The British High Commission in Nigeria has launched the second Phase of the Collaboration Against Trafficking and Smuggling at the Nigeria-Niger border programme (CATS NN).
The launching took place on Thursday 29 July, during a joint event hosted by the British High Commission with the International Organization for Migration (IOM), to mark the World Day against Trafficking in Persons.
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The CATS programme was developed following the signing of the Sandhurst Treaty between the UK and France in 2018.
Under the Sandhurst Treaty, France and the UK committed to collaborating on regional border management capacity as well as on countering trafficking in people, modern slavery and Organised Immigration Crime.
The CATS programme is funded and managed by the Conflict Stability and Security Fund of the UK’s Foreign Commonwealth and Development Office.
Speaking at the event, the British High Commissioner in Nigeria, Catriona Laing, said the United Kingdom; “is a proud ally of Nigeria in its efforts to tackle human trafficking and supporting Nigerian victims and survivors through a variety of programmes that provides shelters, physical and mental health interventions and rehabilitation and integration.”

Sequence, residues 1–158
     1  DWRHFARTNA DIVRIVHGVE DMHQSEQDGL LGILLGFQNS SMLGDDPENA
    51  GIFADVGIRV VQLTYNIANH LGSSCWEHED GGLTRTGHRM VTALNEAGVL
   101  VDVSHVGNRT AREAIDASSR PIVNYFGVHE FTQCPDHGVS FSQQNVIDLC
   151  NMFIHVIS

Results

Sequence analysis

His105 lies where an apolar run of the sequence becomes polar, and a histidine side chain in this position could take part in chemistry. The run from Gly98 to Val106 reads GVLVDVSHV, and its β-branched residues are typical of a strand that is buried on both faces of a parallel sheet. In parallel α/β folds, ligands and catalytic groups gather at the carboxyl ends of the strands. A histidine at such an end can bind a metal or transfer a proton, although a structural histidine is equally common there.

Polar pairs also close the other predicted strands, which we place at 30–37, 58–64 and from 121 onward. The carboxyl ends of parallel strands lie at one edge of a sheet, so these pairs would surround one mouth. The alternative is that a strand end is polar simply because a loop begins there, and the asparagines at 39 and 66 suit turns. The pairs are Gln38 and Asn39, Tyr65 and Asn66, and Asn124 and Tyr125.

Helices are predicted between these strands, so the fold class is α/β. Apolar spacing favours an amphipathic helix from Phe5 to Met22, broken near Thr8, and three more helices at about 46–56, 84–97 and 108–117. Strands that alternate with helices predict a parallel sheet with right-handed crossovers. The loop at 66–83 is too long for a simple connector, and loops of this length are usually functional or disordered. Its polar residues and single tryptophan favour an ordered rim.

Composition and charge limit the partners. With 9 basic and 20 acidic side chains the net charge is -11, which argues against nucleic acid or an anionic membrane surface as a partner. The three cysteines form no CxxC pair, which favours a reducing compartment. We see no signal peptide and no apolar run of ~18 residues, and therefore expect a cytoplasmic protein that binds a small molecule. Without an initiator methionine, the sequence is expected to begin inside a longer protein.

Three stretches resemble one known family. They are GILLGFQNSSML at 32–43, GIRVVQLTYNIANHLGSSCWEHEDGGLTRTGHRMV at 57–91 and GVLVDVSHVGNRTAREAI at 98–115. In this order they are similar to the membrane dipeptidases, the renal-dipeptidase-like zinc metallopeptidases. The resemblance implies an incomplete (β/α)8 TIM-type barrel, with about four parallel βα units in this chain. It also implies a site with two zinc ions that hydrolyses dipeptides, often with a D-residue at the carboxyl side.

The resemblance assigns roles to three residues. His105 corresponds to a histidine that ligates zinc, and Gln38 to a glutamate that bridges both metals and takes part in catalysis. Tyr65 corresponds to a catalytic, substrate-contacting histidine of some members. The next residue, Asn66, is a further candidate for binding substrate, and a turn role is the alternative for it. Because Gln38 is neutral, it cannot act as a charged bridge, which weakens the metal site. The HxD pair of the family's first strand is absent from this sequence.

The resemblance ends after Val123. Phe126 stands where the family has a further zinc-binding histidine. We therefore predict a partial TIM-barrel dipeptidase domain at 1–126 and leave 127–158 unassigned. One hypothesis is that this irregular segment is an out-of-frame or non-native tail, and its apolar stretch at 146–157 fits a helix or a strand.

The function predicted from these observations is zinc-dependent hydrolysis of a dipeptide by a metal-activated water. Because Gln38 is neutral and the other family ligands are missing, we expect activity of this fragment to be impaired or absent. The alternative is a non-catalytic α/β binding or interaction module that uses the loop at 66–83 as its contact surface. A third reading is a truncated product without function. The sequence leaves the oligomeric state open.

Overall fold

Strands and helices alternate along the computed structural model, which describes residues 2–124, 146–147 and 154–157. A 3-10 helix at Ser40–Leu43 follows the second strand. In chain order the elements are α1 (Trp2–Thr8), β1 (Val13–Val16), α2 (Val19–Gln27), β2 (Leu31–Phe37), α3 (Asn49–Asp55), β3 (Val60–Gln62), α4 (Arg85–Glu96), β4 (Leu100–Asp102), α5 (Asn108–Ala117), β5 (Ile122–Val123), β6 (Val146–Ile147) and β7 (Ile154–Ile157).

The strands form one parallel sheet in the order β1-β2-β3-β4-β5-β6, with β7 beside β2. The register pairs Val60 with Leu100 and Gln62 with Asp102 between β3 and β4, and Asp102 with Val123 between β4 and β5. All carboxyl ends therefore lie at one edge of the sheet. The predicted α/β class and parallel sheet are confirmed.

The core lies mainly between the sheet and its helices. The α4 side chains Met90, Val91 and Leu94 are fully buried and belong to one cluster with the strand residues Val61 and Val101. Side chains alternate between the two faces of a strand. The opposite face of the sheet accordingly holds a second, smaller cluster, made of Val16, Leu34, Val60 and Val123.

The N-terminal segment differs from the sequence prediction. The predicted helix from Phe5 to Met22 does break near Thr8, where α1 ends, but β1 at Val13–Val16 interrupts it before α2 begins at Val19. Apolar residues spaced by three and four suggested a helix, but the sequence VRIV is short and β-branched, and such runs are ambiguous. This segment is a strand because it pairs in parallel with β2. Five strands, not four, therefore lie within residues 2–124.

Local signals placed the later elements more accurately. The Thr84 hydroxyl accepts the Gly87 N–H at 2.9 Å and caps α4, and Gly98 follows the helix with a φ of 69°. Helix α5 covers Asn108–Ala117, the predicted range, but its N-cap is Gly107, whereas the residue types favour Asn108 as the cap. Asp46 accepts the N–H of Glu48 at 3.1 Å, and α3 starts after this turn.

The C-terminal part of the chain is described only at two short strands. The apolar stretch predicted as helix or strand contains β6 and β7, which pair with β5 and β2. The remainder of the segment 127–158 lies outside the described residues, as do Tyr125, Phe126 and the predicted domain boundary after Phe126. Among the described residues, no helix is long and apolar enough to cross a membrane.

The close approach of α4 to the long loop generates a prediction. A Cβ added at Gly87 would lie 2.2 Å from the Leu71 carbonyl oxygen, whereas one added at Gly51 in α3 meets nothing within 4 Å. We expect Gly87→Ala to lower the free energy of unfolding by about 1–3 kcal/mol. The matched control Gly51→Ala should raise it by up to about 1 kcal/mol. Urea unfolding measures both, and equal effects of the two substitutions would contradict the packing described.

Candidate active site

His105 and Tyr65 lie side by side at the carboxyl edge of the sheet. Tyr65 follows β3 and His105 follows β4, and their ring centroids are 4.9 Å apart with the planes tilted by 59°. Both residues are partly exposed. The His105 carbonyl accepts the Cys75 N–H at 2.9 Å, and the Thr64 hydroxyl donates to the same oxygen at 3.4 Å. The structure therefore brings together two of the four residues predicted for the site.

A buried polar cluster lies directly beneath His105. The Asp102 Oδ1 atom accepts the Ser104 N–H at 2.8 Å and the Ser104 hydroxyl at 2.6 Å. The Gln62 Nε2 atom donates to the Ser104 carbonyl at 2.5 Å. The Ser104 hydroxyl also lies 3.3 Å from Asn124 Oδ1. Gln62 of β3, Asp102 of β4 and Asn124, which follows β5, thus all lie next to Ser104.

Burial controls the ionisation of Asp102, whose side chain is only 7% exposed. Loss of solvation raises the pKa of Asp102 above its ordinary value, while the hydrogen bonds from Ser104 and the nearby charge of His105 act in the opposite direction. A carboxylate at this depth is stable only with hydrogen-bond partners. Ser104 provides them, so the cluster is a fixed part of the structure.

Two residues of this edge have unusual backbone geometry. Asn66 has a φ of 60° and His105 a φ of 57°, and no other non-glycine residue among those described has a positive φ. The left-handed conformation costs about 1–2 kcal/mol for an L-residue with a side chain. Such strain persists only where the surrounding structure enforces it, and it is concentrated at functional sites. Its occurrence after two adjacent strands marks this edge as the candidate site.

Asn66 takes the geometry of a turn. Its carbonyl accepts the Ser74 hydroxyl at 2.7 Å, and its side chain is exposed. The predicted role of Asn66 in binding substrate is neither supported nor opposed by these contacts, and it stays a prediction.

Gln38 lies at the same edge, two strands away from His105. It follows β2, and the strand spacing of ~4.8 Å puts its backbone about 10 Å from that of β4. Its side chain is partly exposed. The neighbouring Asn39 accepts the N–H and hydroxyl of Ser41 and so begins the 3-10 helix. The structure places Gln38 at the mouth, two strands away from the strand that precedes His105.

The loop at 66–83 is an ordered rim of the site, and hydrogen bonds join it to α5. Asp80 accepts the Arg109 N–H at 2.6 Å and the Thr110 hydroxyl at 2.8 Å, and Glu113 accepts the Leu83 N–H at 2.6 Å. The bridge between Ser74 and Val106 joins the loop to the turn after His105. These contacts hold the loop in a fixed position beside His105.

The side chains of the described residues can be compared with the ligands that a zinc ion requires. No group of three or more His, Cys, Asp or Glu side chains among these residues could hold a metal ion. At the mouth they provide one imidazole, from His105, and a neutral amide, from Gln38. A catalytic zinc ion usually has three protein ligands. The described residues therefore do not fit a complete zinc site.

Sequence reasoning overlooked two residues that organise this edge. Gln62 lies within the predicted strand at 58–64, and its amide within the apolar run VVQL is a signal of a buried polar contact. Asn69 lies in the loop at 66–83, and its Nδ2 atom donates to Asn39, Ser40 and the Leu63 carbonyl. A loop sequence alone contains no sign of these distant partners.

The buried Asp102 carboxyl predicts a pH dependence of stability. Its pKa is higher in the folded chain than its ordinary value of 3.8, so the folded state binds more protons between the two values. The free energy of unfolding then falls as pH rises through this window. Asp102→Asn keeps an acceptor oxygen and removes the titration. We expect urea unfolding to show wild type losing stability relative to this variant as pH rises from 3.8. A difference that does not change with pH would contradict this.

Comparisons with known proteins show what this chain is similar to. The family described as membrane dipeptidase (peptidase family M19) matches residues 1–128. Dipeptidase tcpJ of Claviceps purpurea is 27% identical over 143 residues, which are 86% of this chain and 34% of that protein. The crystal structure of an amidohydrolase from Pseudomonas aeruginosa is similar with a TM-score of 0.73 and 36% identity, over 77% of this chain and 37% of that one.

She said the CATS programme would help Nigerian and Nigerien migration services and anti-trafficking agencies tackle their shared challenges.
On his part, Franz Celestin, Chief of Mission for the IOM in Nigeria, said: “Trafficking in persons is still on the rise and counts as one of the top three most profitable illegal businesses worldwide.
“Driven by the demand for cheap labour and commercial sex, trafficking rings across borders and within countries take advantage of economic, social and political vulnerabilities to exploit their victims.
“As IOM, we welcome the UK Home Office’s Collaboration Against Trafficking and Smuggling Programme between Nigeria and Niger to enhance migration governance and an effective counter-trafficking response between the two countries.
Also, Barbara Rijks, Chief of Mission for the IOM in Niger, said Nigeria and Niger were both important countries along the Central Mediterranean Route, stretching from sub-Saharan Africa to the southern European coast.
While noting that the border remained one of the most perilous in the world today, she said IOM Niger welcomes the UK Government’s support to strengthen cross border collaboration between Niger and Nigeria.
The Nigeria-Niger border is, at around 1600km long, the single longest land border within ECOWAS and is challenging to control.
In 2013 the United Nations General Assembly declared the 30 July as the World Day Against Trafficking in Persons.
This year’s theme, “Victims’ Voices Lead the Way”, aims to amplify the voices of victims, putting their experiences and their perspectives at the centre of counter-trafficking responses and prevention efforts.